We use cookies to understand how you use our site and to improve your experience. This includes personalizing content and advertising. By continuing to use our site, you accept our use of Cookies, Privacy Policy Term of use.
Video Player is loading.
Current Time 0:00
Duration 0:00
Loaded: 0%
Stream Type LIVE
Remaining Time 0:00
570 views • November 13, 2021

Origami 4 Interlocking Rings - from One Square No Cutting!

[Intermediate] How to fold Four Interlocking Rings designed by Iris Walker. This model amazingly is from one square no cutting, but it is rather fragile. I made a tutorial special for my members for how to fold my sturdier and more efficient version of 4 Interlocking Rings. For access to that tutorial and other perks, join as a member here: https://www.youtube.com/channel/UC2OQxWDDE71D6AKrNa7XygQ/join Iris Walker's model opened my eyes to the world of pleat sinking. I learned it at my first origami convention in 1991 (New York) and it had a profound impact on my ability to design models. Suddenly there was a way to make super efficient narrowing of appendages and make seemingly disjoint subjects all from a single square of paper. I've since incorporated the technique in many of my designs and I coined the term pleat sinking to describe the technique. Pleat sinking is kind of like box pleating, but with pleat sinking the pleats are not confined to a horizontal and vertical grid. Any flap in origami that you can sink, you can pleat sink too! Inspired by Iris Walker's 4-link chain, I designed several other linking rings models in the 1990s including 2 Interlocking Rings, which I assume was probably achieved by someone in the 60s (I mean, if they could do a 4-ling chain, the ought to have been able to fold a 2-link chain!), but my main contribution that I am pretty confident I was the first to discover was a cool method for how to lock two ends together so that they hold together well. You can learn my special lock by following my Two Interlocking Rings tutorial here: https://youtu.be/Jd1xw8jA9QQ. After discovering the special lock, I modified Iris Walker's Four Interlocking Rings model so that I could lock all of the ends together using my special lock and I even managed to generalize the linking rings model to be able to achieve theoretically any number of rings utilizing the special lock, but in practice the most I ever accomplished was a chain of 8 rings, which I published in Origami to Astonish and Amuse. A few days before filming this tutorial, I figured out a cleaner, easier method for folding the Four Interlocking Rings, still using my special lock, and that is the tutorial I made special for my members. A little about the creator of original 4-link chain... Iris Walker, who was editor of the British Origami Society magazine from 1969-1974, played an important role in the development of folding with a series of models that were ahead of their time in many ways. Subjects included a cannon, a helicopter, a flexagon, a sports car, a dog in a kennel, a ball within a ball, a blow-up 3D star and many others. She beat Fred Rohm to making the first 4-link chain from a single square [Source: Nick Robinson: https://nickorigami.com/iris-walker-rip/ ] #OrigamiImpossible #4InterlockingRings #JeremyShaferOrigami Here are some ways to support me to make more awesome origami videos: 1. Join as a Member to get access to perks: https://www.youtube.com/channel/UC2OQxWDDE71D6AKrNa7XygQ/join 2. Book a private origami Zoom tutoring session here: www.calendly.com/jeremyshafer 3: Buy one of my books or packages of paper on my Amazon shop: https://www.amazon.com/shop/jeremyshaferorigami 4. Subscribe and hit the notification bell: https://www.youtube.com/channel/UC2OQxWDDE71D6AKrNa7XygQ?sub_confirmation=1 5: Follow me on Facebook: https://www.https://www.facebook.com/jeremyshaferorigami 6: Please tell your friends about my channel. Thank you for watching and enjoying these videos!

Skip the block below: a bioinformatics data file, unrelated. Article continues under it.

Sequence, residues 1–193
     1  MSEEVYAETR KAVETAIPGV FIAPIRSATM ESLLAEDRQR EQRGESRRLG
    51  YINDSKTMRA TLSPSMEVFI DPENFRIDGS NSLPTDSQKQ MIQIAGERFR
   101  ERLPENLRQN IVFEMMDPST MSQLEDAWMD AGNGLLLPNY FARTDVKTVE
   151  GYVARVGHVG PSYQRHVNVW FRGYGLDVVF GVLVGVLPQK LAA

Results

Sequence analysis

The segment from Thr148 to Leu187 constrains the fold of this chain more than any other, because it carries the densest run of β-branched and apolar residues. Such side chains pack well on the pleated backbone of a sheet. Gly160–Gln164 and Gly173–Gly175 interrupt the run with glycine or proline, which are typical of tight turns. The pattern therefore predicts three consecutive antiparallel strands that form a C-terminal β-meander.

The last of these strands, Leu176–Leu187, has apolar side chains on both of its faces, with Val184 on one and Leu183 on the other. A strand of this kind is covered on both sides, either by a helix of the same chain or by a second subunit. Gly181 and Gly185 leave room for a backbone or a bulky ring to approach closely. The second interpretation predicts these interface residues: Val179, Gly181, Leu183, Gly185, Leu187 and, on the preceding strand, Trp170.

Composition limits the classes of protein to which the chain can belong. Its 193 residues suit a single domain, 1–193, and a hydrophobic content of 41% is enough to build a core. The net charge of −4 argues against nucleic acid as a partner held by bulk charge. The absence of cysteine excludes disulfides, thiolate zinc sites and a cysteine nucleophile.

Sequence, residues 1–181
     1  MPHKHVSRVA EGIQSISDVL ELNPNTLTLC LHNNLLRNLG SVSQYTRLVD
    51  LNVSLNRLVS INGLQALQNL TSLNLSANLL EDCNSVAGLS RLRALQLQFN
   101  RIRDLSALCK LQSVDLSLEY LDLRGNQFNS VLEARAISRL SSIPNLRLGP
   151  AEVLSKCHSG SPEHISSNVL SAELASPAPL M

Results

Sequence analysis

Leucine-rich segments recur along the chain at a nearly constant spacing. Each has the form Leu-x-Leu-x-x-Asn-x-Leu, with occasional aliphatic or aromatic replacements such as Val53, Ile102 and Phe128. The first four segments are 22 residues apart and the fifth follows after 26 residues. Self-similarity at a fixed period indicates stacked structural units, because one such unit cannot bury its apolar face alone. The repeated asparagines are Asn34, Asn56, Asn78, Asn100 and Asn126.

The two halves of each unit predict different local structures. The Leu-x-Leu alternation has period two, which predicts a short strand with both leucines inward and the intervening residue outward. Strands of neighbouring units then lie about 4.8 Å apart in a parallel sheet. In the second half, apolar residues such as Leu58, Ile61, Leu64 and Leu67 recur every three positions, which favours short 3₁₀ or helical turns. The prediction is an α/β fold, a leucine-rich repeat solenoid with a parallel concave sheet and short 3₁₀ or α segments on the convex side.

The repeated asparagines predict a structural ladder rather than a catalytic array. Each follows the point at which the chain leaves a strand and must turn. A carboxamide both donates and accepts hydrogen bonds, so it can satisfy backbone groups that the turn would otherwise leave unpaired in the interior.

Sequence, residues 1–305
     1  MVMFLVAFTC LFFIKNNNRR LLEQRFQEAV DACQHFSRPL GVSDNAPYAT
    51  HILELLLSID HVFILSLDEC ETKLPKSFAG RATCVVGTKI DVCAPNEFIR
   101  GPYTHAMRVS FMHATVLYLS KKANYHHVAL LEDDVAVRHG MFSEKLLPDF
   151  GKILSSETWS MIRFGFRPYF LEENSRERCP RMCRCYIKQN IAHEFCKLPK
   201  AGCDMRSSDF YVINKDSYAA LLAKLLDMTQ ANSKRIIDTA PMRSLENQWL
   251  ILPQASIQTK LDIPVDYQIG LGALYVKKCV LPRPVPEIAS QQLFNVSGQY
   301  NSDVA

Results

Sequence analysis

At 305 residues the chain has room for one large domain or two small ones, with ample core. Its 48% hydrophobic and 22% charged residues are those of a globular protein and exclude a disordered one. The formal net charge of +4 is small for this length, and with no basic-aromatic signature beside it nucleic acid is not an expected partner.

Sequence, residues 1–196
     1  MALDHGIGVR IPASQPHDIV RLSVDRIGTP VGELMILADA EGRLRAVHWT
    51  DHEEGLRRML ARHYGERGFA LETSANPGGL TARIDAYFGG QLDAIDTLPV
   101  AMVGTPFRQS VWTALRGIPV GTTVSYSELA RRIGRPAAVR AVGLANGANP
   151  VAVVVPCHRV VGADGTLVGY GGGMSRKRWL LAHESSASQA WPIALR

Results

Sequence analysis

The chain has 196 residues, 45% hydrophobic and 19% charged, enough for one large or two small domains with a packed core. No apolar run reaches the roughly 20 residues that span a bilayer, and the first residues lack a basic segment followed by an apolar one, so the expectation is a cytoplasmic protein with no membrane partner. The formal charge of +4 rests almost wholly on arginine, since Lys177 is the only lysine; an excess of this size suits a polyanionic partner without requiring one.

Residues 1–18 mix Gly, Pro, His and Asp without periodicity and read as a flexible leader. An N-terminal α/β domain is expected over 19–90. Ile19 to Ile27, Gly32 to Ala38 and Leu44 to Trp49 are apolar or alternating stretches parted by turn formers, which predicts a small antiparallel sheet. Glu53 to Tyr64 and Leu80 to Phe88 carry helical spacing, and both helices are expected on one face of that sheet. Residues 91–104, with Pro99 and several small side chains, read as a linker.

Show All
Comment 1